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I'm reading data from 9 different sensors for my robot and I need to display them all steadily, in the same window so I can compare the values and see if any of the readings is off.

The problem I'm having with both Serial.print and lcd.print is that the values are constantly moving and I can't really have a good look at them while moving the robot.

I was thinking to call something like Serial.clear() before displaying anything else and that would just keep things steady and in one place, changing only the values.

From what I found so far, Serial.print(17,BYTE) for instance is no longer supported (Calling the ESC key).

So...for those with a bit more Arduino experience...what is the proper way to do this?

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9 Answers 9

up vote 3 down vote accepted

There is no way to clear the screen but, a really easy way to fake it can be printing as much Serial.println(); as you need to keep all the old data out of the screen.

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The Arduino serial monitor isn't a regular terminal so its not possible to clear the screen using standard terminal commands. I suggest using an actual terminal emulator, like Putty.

The command for clearing a terminal screen is ESC[2J

To accomplish in Arduino code:

  Serial.write(27);       // ESC command
  Serial.print("[2J");    // clear screen command
  Serial.write(27);
  Serial.print("[H");     // cursor to home command

Source:
http://www.instructables.com/id/A-Wirelessly-Controlled-Arduino-Powered-Message-B/step6/Useful-Code-Explained-Clearing-a-Serial-Terminal/

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You could try:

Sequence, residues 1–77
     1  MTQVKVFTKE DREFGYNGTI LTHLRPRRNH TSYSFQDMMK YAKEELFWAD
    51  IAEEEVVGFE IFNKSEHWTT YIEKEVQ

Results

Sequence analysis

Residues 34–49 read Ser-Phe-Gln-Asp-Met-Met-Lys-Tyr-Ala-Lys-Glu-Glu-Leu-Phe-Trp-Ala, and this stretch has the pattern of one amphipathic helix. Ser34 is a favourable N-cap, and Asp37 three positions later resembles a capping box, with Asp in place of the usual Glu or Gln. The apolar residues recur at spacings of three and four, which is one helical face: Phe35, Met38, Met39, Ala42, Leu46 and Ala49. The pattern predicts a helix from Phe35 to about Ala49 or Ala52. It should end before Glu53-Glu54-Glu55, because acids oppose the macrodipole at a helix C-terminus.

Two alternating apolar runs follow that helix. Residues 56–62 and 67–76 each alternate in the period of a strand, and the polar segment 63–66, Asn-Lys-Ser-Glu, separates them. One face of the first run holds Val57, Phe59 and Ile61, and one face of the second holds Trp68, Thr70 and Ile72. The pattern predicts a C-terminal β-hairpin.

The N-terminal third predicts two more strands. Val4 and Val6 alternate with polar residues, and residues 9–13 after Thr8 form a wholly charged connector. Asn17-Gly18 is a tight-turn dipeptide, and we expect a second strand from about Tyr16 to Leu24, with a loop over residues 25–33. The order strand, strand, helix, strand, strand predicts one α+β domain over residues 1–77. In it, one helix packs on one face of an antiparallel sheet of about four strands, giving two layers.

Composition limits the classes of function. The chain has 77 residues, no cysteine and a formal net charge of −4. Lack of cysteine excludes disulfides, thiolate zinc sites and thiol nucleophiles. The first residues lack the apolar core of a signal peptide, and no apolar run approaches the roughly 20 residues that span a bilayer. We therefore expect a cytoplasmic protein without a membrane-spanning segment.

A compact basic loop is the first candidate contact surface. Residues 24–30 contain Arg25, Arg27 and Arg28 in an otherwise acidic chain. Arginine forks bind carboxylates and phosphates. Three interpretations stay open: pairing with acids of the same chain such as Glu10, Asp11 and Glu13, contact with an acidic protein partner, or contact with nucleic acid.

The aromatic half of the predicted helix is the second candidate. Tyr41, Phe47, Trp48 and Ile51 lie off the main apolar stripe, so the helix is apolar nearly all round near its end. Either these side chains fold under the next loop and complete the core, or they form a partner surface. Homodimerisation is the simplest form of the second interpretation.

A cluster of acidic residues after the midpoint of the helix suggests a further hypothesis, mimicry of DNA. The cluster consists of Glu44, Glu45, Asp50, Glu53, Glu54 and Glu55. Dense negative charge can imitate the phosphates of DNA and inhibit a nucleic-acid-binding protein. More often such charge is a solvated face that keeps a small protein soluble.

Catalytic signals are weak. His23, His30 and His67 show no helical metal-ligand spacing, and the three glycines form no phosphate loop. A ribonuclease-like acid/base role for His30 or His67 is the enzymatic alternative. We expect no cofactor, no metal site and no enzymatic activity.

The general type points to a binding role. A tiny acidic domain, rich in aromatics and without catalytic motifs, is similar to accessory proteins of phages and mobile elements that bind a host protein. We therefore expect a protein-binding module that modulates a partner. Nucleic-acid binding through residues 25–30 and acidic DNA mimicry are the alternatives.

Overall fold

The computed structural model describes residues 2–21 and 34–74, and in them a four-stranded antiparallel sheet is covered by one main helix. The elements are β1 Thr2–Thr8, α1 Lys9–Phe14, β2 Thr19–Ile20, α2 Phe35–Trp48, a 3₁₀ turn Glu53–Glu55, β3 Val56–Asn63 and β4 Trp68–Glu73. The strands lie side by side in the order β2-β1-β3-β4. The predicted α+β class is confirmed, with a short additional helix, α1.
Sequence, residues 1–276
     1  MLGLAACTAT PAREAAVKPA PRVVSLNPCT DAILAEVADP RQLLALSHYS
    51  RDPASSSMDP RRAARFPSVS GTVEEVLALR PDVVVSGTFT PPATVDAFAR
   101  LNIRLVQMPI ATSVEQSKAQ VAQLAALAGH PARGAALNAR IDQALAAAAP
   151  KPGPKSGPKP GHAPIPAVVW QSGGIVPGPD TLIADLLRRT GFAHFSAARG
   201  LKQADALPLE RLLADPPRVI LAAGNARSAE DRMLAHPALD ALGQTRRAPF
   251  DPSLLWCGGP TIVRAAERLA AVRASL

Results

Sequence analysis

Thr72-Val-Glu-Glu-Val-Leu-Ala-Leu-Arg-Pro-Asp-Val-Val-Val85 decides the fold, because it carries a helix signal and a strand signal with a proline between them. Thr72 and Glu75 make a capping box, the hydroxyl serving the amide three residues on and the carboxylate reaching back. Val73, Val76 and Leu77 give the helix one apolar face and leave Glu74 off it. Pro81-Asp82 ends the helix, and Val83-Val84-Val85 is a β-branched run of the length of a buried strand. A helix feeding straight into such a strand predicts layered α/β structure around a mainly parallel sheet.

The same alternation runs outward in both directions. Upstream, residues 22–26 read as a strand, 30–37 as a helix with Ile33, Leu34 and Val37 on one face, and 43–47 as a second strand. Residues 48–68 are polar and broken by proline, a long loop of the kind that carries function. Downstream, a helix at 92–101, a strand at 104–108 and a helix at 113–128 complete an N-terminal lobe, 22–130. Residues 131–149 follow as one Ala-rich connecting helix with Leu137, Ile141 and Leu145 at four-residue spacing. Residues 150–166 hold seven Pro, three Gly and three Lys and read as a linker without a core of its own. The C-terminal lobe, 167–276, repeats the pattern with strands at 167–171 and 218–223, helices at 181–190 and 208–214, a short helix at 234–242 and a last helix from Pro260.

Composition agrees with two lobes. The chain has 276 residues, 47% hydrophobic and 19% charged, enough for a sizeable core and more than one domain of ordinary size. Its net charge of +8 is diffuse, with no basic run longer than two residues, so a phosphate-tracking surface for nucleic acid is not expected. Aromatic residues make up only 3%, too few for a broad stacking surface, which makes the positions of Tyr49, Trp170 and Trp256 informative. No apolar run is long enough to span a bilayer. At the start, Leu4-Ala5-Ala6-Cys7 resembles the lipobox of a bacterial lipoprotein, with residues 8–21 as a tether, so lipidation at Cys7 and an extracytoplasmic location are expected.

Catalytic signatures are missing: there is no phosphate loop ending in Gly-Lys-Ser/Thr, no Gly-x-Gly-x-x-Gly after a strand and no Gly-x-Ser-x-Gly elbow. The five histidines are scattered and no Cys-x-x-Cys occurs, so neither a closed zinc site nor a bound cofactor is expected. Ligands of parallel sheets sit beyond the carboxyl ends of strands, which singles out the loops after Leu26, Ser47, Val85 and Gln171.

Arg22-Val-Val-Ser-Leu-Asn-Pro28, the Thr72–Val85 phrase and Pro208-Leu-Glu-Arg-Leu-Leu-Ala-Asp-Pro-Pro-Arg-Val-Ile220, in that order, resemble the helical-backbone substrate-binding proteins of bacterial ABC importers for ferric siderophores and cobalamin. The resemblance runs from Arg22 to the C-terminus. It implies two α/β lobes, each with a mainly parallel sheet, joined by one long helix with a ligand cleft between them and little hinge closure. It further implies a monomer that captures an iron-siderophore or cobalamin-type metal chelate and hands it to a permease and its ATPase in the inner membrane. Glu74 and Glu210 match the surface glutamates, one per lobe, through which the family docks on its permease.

Serial.write(13);

Which will provide a carriage return, returning to the start of the line every iteration - which should do what you're chasing? (Especially if everything is fixed width).

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Found a stupidly simple way to fix this issue. Just resize the terminal window to only 1 line high and it will be a lot easier to read!

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Not possible lol. Minimum size of the window is at about 10 lines for me (Windows). –  C4ud3x Apr 20 at 18:12

the best way I can think of is using processing there are a few introductions on the net like displaying serial data, arduino graph and arduino radar
Since Arduino is based on processing its not that hard to learn

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ESC is the character _2_7, not _1_7. You can also try decimal 12 (aka. FF, form feed).

Note that all these special characters are not handled by the Arduino but by the program on the receiving side. So a standard Unix terminal (xterm, gnome-terminal, kterm, ...) handles a different set of control sequences then say a Windows terminal program like HTerm.

Therefore you should specify what program you are using exactly for display. After that it is possible to tell you what control characters and control sequences are usable.